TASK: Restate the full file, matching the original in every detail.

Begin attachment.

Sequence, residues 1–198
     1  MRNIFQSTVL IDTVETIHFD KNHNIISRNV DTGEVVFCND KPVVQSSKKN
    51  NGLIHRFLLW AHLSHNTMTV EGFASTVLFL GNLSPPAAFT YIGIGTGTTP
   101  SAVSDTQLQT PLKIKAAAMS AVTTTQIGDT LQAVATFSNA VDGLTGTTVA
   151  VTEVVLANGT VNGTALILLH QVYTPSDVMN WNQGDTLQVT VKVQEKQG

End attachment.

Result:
Sequence, residues 1–198
     1  MRNIFQSTVL IDTVETIHFD KNHNIISRNV DTGEVVFCND KPVVQSSKKN
    51  NGLIHRFLLW AHLSHNTMTV EGFASTVLFL GNLSPPAAFT YIGIGTGTTP
   101  SAVSDTQLQT PLKIKAAAMS AVTTTQIGDT LQAVATFSNA VDGLTGTTVA
   151  VTEVVLANGT VNGTALILLH QVYTPSDVMN WNQGDTLQVT VKVQEKQG